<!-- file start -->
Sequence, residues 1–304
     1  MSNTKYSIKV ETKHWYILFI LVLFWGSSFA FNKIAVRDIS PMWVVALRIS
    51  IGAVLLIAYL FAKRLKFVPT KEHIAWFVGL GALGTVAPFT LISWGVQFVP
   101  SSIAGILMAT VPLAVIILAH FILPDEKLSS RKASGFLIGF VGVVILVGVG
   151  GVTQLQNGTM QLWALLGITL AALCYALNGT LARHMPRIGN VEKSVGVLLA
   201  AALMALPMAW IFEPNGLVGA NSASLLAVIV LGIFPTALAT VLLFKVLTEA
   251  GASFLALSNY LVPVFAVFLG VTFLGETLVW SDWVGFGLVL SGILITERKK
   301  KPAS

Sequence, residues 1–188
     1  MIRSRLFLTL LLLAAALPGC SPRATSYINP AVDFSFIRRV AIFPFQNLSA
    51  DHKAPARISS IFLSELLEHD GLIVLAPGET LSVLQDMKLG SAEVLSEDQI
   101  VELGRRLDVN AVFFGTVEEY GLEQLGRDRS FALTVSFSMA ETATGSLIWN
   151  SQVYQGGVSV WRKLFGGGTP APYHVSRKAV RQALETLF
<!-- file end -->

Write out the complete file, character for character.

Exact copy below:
Sequence, residues 1–304
     1  MSNTKYSIKV ETKHWYILFI LVLFWGSSFA FNKIAVRDIS PMWVVALRIS
    51  IGAVLLIAYL FAKRLKFVPT KEHIAWFVGL GALGTVAPFT LISWGVQFVP
   101  SSIAGILMAT VPLAVIILAH FILPDEKLSS RKASGFLIGF VGVVILVGVG
   151  GVTQLQNGTM QLWALLGITL AALCYALNGT LARHMPRIGN VEKSVGVLLA
   201  AALMALPMAW IFEPNGLVGA NSASLLAVIV LGIFPTALAT VLLFKVLTEA
   251  GASFLALSNY LVPVFAVFLG VTFLGETLVW SDWVGFGLVL SGILITERKK
   301  KPAS

Sequence, residues 1–188
     1  MIRSRLFLTL LLLAAALPGC SPRATSYINP AVDFSFIRRV AIFPFQNLSA
    51  DHKAPARISS IFLSELLEHD GLIVLAPGET LSVLQDMKLG SAEVLSEDQI
   101  VELGRRLDVN AVFFGTVEEY GLEQLGRDRS FALTVSFSMA ETATGSLIWN
   151  SQVYQGGVSV WRKLFGGGTP APYHVSRKAV RQALETLF